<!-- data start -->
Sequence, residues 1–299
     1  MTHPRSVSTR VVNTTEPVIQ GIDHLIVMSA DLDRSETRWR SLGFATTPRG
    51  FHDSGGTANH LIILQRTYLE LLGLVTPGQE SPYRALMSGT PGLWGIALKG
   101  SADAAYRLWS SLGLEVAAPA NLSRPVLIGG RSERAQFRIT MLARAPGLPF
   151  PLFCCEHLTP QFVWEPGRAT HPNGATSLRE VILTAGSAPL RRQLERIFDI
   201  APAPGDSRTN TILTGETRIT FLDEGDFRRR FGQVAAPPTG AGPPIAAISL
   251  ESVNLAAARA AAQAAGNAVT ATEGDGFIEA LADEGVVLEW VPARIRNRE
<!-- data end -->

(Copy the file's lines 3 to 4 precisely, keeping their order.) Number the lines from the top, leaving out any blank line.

    51  FHDSGGTANH LIILQRTYLE LLGLVTPGQE SPYRALMSGT PGLWGIALKG
   101  SADAAYRLWS SLGLEVAAPA NLSRPVLIGG RSERAQFRIT MLARAPGLPF